For the regeneration kinetics in Fig. 1 A, cells were fixed every 5 min after pH shock and immediately imaged with an upright Axio Scope (Carl Zeiss, Inc.), a 40×/.75 NA air objective (Carl Zeiss, Inc.), and a CCD camera (SPOT; model 1.4.0; Digital Instruments). Flagellar lengths at each time point were measured using NIS-Elements.
At various time points after pH shock, 100 µl of cells was plated onto cover glass and fixed with formaldehyde (4% final concentration) for 10 min shielded from the light. Cells were fixed after plating to preserve flagellar adhesion to the cover glass. The cover glass was dipped in PBS to remove unadhered cells, mounted onto slides with 10 µl PBS and a petroleum jelly spacer, and sealed with VALAP. Flagella were bleached with the same adjusted TIRF illumination that was used for live cell imaging. Time series (~20 frames per second) were acquired immediately after locating cells to ensure that the maximal number of bleaching events was recorded.
Mean intensity plots for individual trains were generated in NIS-Elements from square ROIs (0.416 × 0.416 µm) corresponding to points of peak intensity along the flagella. Steps were enhanced by filtering the raw data with an edge-preserving Chung-Kennedy algorithm, which passes two adjacent sliding windows of adjustable width (20–60 frames/window) over the dataset and outputs the mean of the window with the lower variance (Leake et al., 2006). Although every step was not always clear, each intensity plot contained numerous steps of roughly the same size from which the rest of the steps could be estimated. The number of bleaching events counted by eye was rechecked for each plot by dividing the total change in intensity by the average step size. The geometry of the axoneme in relation to the TIRF field did increase step size variability, as GFP proteins further from the cover glass were less intense and less likely to photobleach, yielding smaller steps toward the end of the bleach (Fig. 2 B). Importantly, when the whole dataset was plotted together, the total change in intensity of the ROIs was tightly correlated with the number of GFP steps counted, validating the accuracy of the step quantification (Fig. S1 D). However, the estimated number of KAP-GFP proteins per train may have been slightly inflated because train bleaching events were inseparable from the flagellar background.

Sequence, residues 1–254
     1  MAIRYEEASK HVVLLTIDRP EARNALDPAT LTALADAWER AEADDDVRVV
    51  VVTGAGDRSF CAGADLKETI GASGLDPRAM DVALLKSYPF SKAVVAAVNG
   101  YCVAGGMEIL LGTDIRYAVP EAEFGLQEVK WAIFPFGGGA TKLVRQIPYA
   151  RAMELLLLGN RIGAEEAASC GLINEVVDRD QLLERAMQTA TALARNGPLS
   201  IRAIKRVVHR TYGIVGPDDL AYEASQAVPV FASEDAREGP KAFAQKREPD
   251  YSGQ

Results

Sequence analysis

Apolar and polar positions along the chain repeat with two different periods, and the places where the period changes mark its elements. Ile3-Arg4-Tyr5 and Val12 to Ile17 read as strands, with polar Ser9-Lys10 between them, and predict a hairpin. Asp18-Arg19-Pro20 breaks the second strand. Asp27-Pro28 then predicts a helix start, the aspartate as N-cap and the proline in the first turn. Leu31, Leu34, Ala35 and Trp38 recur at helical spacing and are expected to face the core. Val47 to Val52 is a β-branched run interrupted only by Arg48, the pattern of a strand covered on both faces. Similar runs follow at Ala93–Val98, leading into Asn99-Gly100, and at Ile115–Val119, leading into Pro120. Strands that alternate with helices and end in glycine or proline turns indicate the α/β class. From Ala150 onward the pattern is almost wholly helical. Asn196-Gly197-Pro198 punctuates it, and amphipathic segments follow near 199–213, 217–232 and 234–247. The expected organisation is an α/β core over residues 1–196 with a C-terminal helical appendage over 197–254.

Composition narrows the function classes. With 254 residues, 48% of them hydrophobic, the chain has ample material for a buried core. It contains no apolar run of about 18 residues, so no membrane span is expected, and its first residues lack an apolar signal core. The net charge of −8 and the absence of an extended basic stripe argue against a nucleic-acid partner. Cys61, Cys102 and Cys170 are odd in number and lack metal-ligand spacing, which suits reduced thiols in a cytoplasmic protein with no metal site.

Flagella were isolated by pH shock and centrifugation onto a 25% sucrose cushion as described previously in Cole et al. (1998). Western blots were probed with rat anti-KAP antibody (provided by M. Porter; Mueller et al., 2005) at 1:5,000 and goat anti–rat HRP secondary antibody (Jackson ImmunoResearch Laboratories) at 1:20,000.